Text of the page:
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Archives for March 8, 2016

Read up on the Lents Branch Library update


Even though the new Lents Branch Library doesn’t have a builder yet, the walls are bursting at the seams.

“I have 50,000 square feet of ideas to fit into a 12,000 to 15,000 square foot library,” said Carrie Herrmann, director of Boone County Public Library.

The new branch is slated to open in 2017. The library will be located in Hebron on Ky. 237 near Cardinal Way.

The old Lents Branch building is currently for sale.

“One of the reasons I’m up to so many ideas is that I’m getting emails and calls from the community,” Herrmann said.

Herrmann is always open to new ideas and her librarians are also happy to oblige. When one of them sees a public space or library idea they enjoy, they send it her way.

Inside the library, there will be conference and study rooms, and plenty of space for programming for people of all ages.

“We need meeting rooms in that area. They’re constantly in use,” Herrmann said. “Sometimes it’s hard to find rooms for library programs.”

Herrmann is making sure the outside is just as full as the inside. They would like to have interactive learning spaces on the property, like story walks and an amphitheater.

Having an eco-friendly building is important as well, Herrmann would like the building to be LEED certified or a Living Building project. On top of applying for a grant to get solar panels installed they’re also making sure the asphalt is water-permeable so it can provide an irrigation system for landscaping.

The library board is currently sorting through applications for an architect. Choosing the architect also means choosing the design and engineering firms. Herrmann said they received plenty of proposals, so the process is taking longer than expected.

The library will cost an estimated $160.37 per square foot, according to the Lents Branch Relocation FAQ on the BCPL website.

“We want to make sure we have the right fit,” Herrmann said.

If you have an idea for the new library branch, send an email to Carrie Herrmann at director@bcpl.org.

Article source: http://www.cincinnati.com/story/news/local/boone-county/2016/03/07/read-lents-branch-library-update/81452720/

The Crisis in American Entrepreneurship

To the extent that the current state of American entrepreneurship is facing a crisis, it is not in the rate of creation of high-growth potential startups or even in the initial funding of those firms, but instead in the potential of those firms to scale in a meaningful way over time, say researchers in a new report. Unlike a Google or an Apple, companies aren’t getting off the launchpad.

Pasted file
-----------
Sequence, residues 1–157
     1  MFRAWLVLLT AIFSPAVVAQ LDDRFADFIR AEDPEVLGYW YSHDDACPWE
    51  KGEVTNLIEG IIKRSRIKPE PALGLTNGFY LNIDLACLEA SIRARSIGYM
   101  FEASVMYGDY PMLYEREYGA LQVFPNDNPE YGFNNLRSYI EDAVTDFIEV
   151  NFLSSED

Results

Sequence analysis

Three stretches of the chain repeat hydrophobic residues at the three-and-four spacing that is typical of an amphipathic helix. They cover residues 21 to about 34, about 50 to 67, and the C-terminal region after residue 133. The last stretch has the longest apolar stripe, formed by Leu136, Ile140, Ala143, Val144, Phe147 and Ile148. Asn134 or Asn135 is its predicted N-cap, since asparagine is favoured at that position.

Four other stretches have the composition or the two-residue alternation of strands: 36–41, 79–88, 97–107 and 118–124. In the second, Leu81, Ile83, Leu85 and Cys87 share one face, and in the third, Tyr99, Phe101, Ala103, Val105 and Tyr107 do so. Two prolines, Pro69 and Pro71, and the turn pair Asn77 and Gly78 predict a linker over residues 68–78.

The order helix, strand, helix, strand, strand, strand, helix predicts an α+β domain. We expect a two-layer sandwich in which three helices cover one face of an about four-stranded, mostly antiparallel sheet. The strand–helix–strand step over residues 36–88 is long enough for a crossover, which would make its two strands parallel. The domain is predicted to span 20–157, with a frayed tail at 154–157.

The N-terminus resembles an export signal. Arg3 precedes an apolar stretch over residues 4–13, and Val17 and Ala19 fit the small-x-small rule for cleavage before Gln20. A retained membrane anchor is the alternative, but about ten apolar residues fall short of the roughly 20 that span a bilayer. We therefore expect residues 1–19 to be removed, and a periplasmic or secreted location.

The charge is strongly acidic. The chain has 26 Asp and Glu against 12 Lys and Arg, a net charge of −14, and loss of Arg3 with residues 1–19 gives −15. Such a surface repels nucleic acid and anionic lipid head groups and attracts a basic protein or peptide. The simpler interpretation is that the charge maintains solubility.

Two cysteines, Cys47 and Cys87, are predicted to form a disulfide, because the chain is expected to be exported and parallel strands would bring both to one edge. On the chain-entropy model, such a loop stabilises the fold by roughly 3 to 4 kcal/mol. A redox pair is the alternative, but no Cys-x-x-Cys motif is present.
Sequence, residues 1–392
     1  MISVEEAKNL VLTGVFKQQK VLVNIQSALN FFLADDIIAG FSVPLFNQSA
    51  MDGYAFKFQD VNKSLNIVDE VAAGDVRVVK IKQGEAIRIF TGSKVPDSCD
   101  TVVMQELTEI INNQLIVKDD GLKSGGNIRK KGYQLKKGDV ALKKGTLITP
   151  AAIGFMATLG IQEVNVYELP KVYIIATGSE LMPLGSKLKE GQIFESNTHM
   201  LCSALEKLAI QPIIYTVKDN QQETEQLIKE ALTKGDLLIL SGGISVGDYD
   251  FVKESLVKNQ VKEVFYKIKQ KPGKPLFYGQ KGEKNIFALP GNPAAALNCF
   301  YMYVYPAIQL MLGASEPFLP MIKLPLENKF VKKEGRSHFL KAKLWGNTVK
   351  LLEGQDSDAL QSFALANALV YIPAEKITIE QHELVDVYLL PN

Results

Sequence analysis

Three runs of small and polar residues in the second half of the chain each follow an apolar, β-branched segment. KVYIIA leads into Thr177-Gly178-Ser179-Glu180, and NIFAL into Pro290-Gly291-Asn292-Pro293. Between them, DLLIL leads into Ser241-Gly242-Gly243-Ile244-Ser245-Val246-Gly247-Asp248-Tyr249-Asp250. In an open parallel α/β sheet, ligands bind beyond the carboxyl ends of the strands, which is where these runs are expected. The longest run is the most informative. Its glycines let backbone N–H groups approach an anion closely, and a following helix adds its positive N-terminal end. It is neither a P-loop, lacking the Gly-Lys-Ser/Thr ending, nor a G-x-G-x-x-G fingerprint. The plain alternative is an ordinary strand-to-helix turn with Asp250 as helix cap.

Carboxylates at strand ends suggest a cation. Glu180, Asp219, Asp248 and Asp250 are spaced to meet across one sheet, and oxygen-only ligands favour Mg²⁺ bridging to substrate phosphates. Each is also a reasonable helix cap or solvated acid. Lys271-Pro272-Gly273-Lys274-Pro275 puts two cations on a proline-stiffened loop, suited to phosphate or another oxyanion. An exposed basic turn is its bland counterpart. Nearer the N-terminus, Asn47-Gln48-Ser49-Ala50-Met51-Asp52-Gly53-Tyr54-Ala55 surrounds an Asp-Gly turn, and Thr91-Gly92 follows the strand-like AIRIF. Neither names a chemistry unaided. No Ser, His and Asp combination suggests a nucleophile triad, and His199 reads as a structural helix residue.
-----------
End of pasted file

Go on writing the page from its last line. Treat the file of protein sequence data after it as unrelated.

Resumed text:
ENLARGE

America’s entrepreneurs are brimming with promising ideas. But they appear to be struggling to transform innovations and insights into successful companies with broad reach.

That’s the conclusion of new research and a policy brief from the Massachusetts Institute of Technology’s Catherine Fazio, Jorge Guzman, Fiona Murray and Scott Stern.

“To the extent that the current state of American entrepreneurship is facing a crisis, it is not in the rate of creation of high-growth potential startups or even in the initial funding of those firms, but instead in the potential of those firms to scale in a meaningful way over time,” the authors said.

The findings build on—but also differ in key ways from—a body of research showing a long-term decline for U.S. startups. Such a dropoff in business dynamism has serious implications for the economy, which historically has relied on fast-growing new companies to challenge older, less efficient firms, create new jobs, help diffuse new technology and spur productivity.

Think of Amazon and eBay’s impact on retail, Craiglist on publishing or Google on Internet search, computing and other information services.

While other literature has documented a steady decline in overall startups, including high-tech, the MIT research finds no meaningful dropoff in high-tech entrepreneurship. But how do you identify the next Google or Apple—companies that are now 17 and 40 years old?

Messrs. Guzman and Stern devised new methods. The authors eschew government figures on firm creation and destruction. Instead, they created their own measures of entrepreneurial quality, starting with state-level business licensing. Such data shows a strong correlation between certain startup characteristics and the probability of growth. For example, firms named after their founder are less likely to see any growth (Bob Smith’s Landscaping). Firms with a patent and a Delaware registration are 196 times more likely to grow.

“Registering in Delaware or filing for a patent will not guarantee a growth outcome for a new business, but the firms that have historically engaged in those activities have been associated with skewed growth outcomes,” the authors write.

Those kinds of firms—ones positioning themselves for innovation-led growth—are enjoying somewhat of a heyday. While there is a strong degree of cyclicality, the overall trend has been one of steady firm creation.